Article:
A very funny and quick reading story. A creative writing showcase–with a magical and thinking hat that carries on conversations with the inheritor of it. As an author myself, I’ll take it as a good reminder of how to use my imagination to make even a very outlandish concept come alive. Also nice that it’s an afternoon read!
2019 Here We Come—Big Plans for a Bigger and Better Year
I’ve lived enough of them to know that some years are more challenging than others, even when they are successful. 2018 had only a few goals achieved. Various obstacles (mostly health) obstructed other objectives. More on that below. 2018’s off year won’t stop me from making and achieving some very ambitious determinations for 2019. I will try again to make resolutions to succeed—more on that below as well.
Before I let you in on some highlights for 2019, I want to thank those fellow writers and bloggers who steadfastly followed and commented on posts here, despite some lack of reciprocity on my part.That, by the way, is one of the major goals for 2019–connecting more with all of you in that group and supporting your own efforts.
Some of my 2019 Determinations:
Writing, blogging and social media
Follow and interact with more writers/bloggers
Make the most of Goodreads (see below about Google+ and Facebook)
Publish the 2nd collection of short stories in late 2019
Work diligently on a novel to come out late fall, 2020
Mental fatigue impacted my writing—a CPAP machine helped but didn’t clear it up completely while doctors have no clue. A one-off cardiac event interrupted my writing agenda as well as other goals. After much testing—no invasive procedures were done. No new drugs and no changes in exercise were needed either. As the Simple Minds song goes, I am “alive and kicking.” I plan on staying that way for years to come. I’ve done as Ikeda urged and didn’t give up.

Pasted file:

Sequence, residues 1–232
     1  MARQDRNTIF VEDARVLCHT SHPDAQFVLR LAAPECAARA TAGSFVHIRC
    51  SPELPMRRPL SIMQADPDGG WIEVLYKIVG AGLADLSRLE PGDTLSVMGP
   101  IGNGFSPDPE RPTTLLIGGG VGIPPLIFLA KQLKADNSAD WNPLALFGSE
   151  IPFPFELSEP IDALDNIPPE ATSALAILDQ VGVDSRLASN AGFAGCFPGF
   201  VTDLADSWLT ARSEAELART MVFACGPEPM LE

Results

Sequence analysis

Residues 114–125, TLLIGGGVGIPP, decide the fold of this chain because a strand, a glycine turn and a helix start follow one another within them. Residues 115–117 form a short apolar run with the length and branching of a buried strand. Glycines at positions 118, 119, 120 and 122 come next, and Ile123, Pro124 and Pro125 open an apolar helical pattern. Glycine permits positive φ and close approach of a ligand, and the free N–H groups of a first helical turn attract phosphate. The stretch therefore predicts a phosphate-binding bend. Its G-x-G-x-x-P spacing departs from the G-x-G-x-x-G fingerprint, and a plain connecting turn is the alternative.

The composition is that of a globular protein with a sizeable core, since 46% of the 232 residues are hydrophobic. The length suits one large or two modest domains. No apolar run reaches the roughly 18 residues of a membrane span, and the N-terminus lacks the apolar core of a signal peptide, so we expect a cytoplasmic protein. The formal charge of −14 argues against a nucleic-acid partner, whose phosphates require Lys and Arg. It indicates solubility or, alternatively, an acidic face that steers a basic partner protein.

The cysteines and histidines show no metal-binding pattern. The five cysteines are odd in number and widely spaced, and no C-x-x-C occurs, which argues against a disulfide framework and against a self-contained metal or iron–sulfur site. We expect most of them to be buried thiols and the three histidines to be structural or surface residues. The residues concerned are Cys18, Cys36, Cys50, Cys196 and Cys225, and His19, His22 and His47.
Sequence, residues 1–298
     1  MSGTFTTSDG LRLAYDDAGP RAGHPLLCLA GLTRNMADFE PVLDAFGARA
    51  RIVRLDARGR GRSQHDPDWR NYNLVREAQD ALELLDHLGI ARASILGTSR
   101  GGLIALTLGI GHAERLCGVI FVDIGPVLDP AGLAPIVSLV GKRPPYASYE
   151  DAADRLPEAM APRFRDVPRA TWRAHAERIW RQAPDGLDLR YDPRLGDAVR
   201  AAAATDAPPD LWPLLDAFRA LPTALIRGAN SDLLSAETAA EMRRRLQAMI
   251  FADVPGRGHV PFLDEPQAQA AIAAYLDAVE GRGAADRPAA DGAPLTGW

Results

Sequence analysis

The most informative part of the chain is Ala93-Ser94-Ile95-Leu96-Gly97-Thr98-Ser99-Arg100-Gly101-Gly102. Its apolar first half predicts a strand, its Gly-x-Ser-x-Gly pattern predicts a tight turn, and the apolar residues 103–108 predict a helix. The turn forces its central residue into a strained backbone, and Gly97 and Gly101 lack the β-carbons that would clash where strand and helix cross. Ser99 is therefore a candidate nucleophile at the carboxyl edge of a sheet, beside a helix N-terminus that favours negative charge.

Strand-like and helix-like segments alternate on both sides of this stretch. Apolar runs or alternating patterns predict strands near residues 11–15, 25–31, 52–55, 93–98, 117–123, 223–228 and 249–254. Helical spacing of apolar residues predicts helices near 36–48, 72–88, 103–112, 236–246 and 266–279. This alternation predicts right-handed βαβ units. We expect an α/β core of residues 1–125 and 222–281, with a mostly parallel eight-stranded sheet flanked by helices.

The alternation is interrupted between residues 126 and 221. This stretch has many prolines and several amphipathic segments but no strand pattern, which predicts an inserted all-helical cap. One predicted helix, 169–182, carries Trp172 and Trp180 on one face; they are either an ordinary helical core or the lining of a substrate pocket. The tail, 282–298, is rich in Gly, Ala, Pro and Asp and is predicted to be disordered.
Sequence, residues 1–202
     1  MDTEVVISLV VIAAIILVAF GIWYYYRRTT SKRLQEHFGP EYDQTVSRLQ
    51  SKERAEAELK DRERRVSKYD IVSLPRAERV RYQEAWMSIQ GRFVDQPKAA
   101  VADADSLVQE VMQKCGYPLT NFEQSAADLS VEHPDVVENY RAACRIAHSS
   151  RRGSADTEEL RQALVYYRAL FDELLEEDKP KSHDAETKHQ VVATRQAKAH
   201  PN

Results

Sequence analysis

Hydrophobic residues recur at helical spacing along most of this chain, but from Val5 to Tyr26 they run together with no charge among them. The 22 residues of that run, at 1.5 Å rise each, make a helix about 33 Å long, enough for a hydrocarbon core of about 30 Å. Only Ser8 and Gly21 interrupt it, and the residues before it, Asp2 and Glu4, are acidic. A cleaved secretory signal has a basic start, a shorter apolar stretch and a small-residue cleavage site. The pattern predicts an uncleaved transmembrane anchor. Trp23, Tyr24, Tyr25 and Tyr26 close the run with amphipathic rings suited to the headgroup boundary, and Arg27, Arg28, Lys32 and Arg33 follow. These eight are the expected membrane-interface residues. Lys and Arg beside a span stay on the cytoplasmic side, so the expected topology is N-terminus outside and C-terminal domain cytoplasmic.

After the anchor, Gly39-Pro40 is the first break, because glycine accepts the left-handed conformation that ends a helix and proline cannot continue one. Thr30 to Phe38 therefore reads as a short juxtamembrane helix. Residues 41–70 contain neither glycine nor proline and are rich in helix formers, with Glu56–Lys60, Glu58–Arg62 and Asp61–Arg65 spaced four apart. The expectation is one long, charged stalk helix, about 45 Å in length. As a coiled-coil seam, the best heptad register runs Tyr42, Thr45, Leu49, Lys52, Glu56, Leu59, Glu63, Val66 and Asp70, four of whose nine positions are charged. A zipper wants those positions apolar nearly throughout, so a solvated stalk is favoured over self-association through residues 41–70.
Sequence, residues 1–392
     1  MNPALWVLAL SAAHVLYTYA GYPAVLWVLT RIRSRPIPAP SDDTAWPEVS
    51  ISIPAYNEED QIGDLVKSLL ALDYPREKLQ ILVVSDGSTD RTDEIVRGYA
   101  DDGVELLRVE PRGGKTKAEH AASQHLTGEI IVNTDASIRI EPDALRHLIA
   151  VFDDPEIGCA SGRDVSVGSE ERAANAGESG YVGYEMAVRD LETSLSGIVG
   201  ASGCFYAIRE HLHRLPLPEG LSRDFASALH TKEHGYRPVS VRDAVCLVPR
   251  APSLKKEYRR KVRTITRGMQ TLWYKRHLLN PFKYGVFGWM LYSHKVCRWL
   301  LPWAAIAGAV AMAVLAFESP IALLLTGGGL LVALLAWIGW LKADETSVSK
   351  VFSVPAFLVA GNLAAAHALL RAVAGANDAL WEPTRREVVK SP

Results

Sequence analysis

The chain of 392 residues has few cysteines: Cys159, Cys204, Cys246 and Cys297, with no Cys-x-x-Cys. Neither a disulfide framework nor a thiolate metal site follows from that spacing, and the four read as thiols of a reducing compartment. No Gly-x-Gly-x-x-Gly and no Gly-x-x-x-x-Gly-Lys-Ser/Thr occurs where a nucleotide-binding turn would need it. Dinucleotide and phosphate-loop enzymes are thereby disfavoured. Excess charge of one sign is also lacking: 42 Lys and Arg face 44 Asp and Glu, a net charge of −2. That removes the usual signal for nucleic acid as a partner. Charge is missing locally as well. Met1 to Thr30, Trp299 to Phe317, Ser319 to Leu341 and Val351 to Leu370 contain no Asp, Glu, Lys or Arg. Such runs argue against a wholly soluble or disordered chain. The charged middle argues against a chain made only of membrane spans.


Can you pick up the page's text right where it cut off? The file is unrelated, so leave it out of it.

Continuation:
Goals met include:
29 books read (surpassing a goal of 24)
A decoratively curved patio/walkway for enjoying the view from our hilltop home in sunny New Mexico
Completing a two-year weight loss goal, 80 pounds off—I am not even overweight.
Didn’t expand my networking with fellow writers/bloggers and others
Didn’t join Facebook (not sure now if I still want to), expand use of Goodreads or the dying Google+
Took no vacation and didn’t publish that book by the same name (The Vacation)
If I couldn’t conquer those obstacles in 2018, how can I win in 2019—with much more ambitious goals? Nichiren Daishonin, founder of the Buddhism I have practiced for 41 years, says
“Employ the strategy of the Lotus Sutra before any other.”
By this he means use the practice first, not last. When medical treatment doesn’t cure a problem, then practicing one’s faith is a rational choice. Once I made a stronger, more focused prayer to be clear headed, the brain responded with focused energy much more of the time.
My wife and I have achieved too many goals (that some might say were impossible) to list them here. You can find many of them in Waiting for Westmoreland. My recent reminder about the tired mind confirms that I can achieve victory in 2019.
Whether you find Buddhism or any other faith a means for achieving success, having a clear process for accomplishing goals is essential.We’ve put these steps out in prior New Year’s posts, but here they are again.